Chaitanya: That happens a lot. And we have always heard this in AppSec —“When can AppSec start fixing bugs for us? When can AppSec start resolving things for us?”. The challenge that always comes in is the agile world brings so many changes into the whole development pipeline as they're running so fast with it. We have always been very clear about the segregation of duties and segregation of expertise, rather than messing up anything or breaking down any of their faster-moving cycles. We determine this very carefully and the expectations are set in such a way that when you are an expert in this area, we have expertise in this area, and this is how we communicate and divide our rules and responsibilities.
Harshil: Right. So I guess that is one model where since you've dedicated AppSec engineers to a certain group of teams, do you also have a Security Champions program place or not? There's a developer who's tasked to do some security-related things, yeah?
Harshil: Yeah. And there is a fundamental difference in a lot of people, how they think about the Security Champions program, because a lot of them think that Security Champions are people who are trained better on security and that's where it ends. Are you doing anything more than that in terms of having them do things for security, towards the function of security? Maybe not for the team, but are they tasked for anything other than getting that special extra training?
Chaitanya: Yes, they are. So one of the challenges that we always face with the Security Champions program is these trainings, these programs are more aligned to giving them a generic security training just to train them around why we need security. But after a certain point, I strongly believe that the Security Champions program must evolve itself into creating more company specific trainings where the developers can learn how to do false-positive analysis on your SaaS tools. How can you internally pick up some of the low-hanging fruits of pen testing during your own internal bug bash? So that's where they start contributing to us. We cannot have, if there are 120 releases a week, we cannot have 120 pen tests being done. So that's where we leverage our Security Champions, where we train them, we teach them, and at some point, we start recognizing them and providing some incentives for doing pen tests for at least the low-hanging fruit, or at least for the ones which are less critical systems.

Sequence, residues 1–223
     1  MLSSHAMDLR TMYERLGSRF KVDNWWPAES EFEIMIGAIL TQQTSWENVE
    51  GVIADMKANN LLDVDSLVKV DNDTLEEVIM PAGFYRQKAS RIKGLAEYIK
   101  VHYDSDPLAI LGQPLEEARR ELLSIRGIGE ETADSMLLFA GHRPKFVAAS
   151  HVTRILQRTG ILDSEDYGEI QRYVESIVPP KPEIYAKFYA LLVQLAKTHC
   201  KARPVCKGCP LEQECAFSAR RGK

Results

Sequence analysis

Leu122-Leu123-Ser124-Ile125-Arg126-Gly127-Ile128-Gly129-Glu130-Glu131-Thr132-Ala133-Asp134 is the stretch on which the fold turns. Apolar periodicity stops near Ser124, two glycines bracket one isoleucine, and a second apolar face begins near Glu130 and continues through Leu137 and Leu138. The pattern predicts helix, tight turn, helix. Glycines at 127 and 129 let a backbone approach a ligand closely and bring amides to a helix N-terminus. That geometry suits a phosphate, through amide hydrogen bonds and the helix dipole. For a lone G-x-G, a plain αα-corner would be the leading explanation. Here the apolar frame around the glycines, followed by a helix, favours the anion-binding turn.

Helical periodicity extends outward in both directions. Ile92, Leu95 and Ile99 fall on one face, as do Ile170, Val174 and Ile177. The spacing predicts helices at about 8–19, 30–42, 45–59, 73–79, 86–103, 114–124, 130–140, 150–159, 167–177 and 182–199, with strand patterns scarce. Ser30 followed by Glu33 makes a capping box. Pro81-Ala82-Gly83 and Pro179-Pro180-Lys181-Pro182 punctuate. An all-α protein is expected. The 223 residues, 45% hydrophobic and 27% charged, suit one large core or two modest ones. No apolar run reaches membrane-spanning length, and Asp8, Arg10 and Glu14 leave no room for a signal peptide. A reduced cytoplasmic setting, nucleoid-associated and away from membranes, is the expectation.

Harshil: Right. Do you have a good example of how you incentivize them to spend more time? Because I'm guessing their sprint will be decided by a product manager or an engineering manager who asks them to spend time towards building features and stuff like that. How do they get incentivized to spend time on security?
Chaitanya: So here at CK, what we did is we have our own Security Champions portal where we track ranks and offer them points. So we actually created this whole framework around Security Champions program, where whenever any of our Security Champions submits a security vulnerability, or when they fix any vulnerability, they are assigned some points associated with that. And with those scoring systems, we have created kind of a leaderboard which is going to be open to the rest of the company so you know these are the top leaders from these teams. So not just the engineers, but their leaders are also recognized of being security conscious and keeping so much education and awareness around security for their teams too. So that has been so far proving great results for us, and we are starting to see more engagement where people come in and engage with us. They want to learn more, they come up with some very valid questions. And at a certain point we want to see more bugs, more pen testing, and more issues coming from our Security Champions.
Harshil: That is amazing. That's potentially the best outcome you can expect from a Security Champions program.
Chaitanya: Exactly. And now we have an excellent way to measure the success of our Security Champions program by having a tracker in place and having these point allocation systems in place that can give us an accurate way of determining how much engagement we are seeing from our Security Champions. So even though we have less AppSec team members, we basically replicate ourselves by having Security Champions in place.
Harshil: Right. Fantastic. So we talked about having AppSec team members dedicated to helping a group of identified Dev teams. You have your Security Champions program in place. So those are the two ways of how engagement between AppSec and development teams work. Are there any other things that you have, maybe with leadership or any other forms of bringing security and development teams together?
Chaitanya: One of the things where we can bring them much closer and that's always been our top priority and that's how we believe that we are moving a step closer to scaling ourselves. Another bigger initiative that helps is automating some of the AppSec practices, and how do we ensure we shift left into a lot of our practices. And that is under the key aspect of our engagement model. And engaging with the developer community where not just our team but even developers can come in and contribute some of the automation, how has security practices been enforced during their life cycle.